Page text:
Neighborhoods shape every element of our lives. Where we live determines economic opportunities; our exposure to police and pollution; and the availability of positive amenities for a healthy life. Home inequity—both financial and racial—is not accidental. Federal government programs have armed white people with agency to construct “white” spaces while stigmatizing “Black” spaces. The urgency of addressing structural injustice in housing has been laid bare by police-involved shootings and the disparate death rates linked to COVID-19.
Using political philosopher Tommy Shelbie’s theory of corrective justice, this Article explores the historical and present-day harms that need to be rectified and then offers a path forward through concrete changes to federal housing policy. This Article’s proposals address access to homeownership, stable housing for renters, reliable mass transit, and increased availability of affordable housing. The policy prescriptions are intended to address systemic racism, but the changes wrought would benefit people across race and ethnicity. As those on the front lines of the Black Lives Matter movement argue: freedom and justice for Black people will extend to freedom and justice for all people.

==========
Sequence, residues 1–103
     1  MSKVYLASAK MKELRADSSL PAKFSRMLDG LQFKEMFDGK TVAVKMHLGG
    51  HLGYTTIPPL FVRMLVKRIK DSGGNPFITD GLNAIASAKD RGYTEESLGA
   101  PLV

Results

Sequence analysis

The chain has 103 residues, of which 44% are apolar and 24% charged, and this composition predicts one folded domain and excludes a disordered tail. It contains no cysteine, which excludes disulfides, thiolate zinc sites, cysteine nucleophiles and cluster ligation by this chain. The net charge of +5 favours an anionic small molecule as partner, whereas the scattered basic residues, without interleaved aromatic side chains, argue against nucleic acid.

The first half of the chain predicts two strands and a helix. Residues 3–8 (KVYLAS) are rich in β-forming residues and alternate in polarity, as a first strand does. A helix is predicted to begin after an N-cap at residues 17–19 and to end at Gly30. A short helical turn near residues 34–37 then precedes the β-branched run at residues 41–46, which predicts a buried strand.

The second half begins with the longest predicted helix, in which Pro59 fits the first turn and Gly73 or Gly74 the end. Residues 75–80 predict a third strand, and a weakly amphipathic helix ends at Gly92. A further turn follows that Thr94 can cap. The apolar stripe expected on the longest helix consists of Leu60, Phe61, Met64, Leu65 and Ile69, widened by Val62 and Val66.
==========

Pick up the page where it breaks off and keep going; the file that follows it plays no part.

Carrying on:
Rachel D. Godsil & Sarah E. Waldeck, Home Equity: Rethinking Race and Federal Housing Policy, 98 DENV. L. REV. 523 (2021).